Mayor Boris Johnson announced the winners of his 100 great things about the Games poetry competition and unveiled news of a local Kensington and Chelsea 11 year old boy that has been shortlisted for the competition.
Launched on National Poetry Day last October, the competition invited young Londoners to write a poem about what they thought was best about the London 2012 Games and reveals the young literary talent in London.
Part of Boris Johnson's efforts to improve literacy in London, the competition received over 2,000 entries, making it one of the most successful Mayor of London schools competitions to date.
The judging panel, including Holly Pick, Time Out Kids Editorial Manager, Julia Donaldson, Children's Laureate, and young athlete, Stephanie King, were all extremely impressed by the standard of the entries.
Here is the poem by local Kensington and Chelsea student, Callum Stoddart, 13 from West Brompton
Fifteen hundred years have past,
The modern Olympics are here at last.
The people of London will carry the torch,
As Bolt runs like his feet are scorched.
Three games were cancelled due to World War 2,
You may not have known but believe me it's true.
The atmosphere of the Olympics died,
As nobody's talent blossomed or shined.
The 2012 Olympics will bring,
All the Queens soldiers out to sing.
As Shanaze, Tim, and Chris Hoy,
Cross the line, the crowd scream with joy!
The London red buses will rev and toot,
As the archers prepare to aim and shoot.
When Tony Jeffries throws in a punch,
You hear a snap, crack, thud and a crunch.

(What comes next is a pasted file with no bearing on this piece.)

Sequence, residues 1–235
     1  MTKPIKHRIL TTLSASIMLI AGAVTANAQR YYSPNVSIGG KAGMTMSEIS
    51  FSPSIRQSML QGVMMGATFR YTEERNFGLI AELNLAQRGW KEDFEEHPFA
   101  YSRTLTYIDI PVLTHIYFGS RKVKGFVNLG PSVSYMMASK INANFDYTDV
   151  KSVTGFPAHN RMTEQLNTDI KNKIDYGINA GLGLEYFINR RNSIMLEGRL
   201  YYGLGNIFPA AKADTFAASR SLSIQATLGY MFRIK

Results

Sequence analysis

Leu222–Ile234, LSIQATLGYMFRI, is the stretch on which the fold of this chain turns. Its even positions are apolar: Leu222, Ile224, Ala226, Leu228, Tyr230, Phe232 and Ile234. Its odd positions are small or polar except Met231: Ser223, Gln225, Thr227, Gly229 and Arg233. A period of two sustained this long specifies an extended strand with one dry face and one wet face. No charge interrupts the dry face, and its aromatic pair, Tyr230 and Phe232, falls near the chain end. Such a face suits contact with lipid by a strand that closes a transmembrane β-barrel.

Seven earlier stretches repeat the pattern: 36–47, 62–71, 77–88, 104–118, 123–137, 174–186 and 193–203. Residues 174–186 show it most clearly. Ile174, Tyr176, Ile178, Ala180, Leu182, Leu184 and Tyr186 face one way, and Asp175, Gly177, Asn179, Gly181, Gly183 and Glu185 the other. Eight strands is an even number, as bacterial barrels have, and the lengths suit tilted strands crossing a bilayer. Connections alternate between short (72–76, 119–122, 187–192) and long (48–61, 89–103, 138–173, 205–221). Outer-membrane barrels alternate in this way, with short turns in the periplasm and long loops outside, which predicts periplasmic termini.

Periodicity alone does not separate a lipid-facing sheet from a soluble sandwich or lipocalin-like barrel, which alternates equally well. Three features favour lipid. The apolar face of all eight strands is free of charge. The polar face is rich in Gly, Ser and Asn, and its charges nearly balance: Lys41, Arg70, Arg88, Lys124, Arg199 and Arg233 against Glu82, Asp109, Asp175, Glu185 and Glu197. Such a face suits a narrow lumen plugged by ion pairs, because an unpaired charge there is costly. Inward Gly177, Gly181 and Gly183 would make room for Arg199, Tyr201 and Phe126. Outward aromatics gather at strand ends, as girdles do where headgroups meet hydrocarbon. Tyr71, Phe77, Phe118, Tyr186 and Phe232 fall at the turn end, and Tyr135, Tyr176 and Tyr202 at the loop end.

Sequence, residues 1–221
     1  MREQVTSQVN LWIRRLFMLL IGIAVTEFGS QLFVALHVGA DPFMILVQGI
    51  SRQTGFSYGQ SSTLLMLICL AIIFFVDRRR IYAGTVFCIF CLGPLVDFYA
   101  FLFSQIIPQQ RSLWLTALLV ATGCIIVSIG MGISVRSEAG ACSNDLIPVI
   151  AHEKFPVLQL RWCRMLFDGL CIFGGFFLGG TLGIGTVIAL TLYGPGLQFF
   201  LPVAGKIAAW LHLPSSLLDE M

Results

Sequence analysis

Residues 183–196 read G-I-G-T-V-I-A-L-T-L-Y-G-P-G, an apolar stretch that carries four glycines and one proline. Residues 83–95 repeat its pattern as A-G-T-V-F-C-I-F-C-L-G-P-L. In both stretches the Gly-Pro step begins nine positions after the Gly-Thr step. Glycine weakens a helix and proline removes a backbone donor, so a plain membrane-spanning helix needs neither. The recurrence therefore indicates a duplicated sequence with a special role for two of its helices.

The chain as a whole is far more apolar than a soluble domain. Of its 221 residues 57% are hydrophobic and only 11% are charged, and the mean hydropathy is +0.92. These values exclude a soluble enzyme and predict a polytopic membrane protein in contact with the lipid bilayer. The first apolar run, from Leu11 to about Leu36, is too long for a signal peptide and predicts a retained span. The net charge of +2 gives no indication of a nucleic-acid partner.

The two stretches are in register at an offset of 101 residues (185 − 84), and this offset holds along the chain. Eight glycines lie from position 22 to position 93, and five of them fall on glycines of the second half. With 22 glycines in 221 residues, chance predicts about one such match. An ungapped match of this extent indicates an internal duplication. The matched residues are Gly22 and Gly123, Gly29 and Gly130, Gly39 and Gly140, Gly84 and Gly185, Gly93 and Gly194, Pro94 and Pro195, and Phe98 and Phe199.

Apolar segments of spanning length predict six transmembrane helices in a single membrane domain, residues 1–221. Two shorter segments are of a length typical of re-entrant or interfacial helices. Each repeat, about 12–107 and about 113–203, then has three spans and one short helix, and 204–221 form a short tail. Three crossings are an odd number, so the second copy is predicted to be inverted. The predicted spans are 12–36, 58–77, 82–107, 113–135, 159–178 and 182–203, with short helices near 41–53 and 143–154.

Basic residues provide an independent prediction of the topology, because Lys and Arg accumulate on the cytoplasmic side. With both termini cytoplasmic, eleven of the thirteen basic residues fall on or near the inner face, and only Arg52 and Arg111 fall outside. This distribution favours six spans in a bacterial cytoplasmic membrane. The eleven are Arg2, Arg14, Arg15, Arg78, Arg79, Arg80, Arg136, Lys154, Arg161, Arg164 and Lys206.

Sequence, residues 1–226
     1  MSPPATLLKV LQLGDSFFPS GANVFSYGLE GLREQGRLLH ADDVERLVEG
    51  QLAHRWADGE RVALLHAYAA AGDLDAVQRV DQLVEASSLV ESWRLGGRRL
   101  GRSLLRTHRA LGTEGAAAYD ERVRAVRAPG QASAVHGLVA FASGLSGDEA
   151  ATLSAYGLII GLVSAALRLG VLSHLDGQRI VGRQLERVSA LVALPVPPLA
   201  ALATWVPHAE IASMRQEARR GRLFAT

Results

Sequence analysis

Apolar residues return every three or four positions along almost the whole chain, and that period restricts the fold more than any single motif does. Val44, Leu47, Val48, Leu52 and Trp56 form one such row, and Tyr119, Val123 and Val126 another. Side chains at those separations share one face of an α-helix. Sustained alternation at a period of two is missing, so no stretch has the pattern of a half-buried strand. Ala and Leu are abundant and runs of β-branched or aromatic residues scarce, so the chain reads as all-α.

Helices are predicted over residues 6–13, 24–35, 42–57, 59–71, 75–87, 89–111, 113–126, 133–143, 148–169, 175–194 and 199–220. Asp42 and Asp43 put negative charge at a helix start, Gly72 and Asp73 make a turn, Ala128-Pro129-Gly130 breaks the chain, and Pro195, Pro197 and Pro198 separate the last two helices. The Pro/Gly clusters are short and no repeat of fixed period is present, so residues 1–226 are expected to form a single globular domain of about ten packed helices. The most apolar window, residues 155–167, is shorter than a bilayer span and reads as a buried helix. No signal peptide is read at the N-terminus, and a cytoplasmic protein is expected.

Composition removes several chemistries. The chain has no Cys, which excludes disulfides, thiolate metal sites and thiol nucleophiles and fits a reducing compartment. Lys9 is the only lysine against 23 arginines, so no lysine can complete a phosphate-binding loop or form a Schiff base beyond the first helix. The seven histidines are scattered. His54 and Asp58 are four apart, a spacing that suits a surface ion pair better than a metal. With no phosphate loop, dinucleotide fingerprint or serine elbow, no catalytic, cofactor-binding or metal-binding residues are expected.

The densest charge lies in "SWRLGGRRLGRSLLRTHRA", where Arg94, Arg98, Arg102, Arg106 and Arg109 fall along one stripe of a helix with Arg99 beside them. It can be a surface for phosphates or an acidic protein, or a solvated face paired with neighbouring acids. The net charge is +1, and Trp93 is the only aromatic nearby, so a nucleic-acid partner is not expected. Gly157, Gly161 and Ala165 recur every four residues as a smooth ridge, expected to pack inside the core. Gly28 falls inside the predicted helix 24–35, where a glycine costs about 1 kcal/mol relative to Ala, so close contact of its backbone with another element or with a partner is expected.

The whole nation will watch with pride and glee,
Because the great British flag is all they can see.
All of the poems, including 11 other shortlisted poems, are all available to view in an online poetry gallery www.london.gov.uk/poetry
The Mayor of London, Boris Johnson, said: “We received over 2,000 wonderful poems, proof that young Londoners are motivated, focussed and imaginative. I’m delighted to see such a youthful passion for prose, inspired by what will undoubtedly be the most amazing year in the capital's long history as we prepare to host the 2012 Games. Special congratulations to our winner Fope Jegede for the remarkable poem 'The Champions Story' and to the other worthy runners up.”
Stephanie King, a young athlete and student at Birmingham University who assisted on the judging panel said “I thoroughly enjoyed reading the poems and was very impressed with how good they were. I am sure I could not have written such clever and interesting poems when I was that age! It was so hard to decide on my favourites.”
The overall winner, Fope Jegede, will receive an exclusive Olympic Park bus tour for up to 30 of her friends and family. The three highly commended poets will each receive a certificate plus Poetry Society Youth Membership.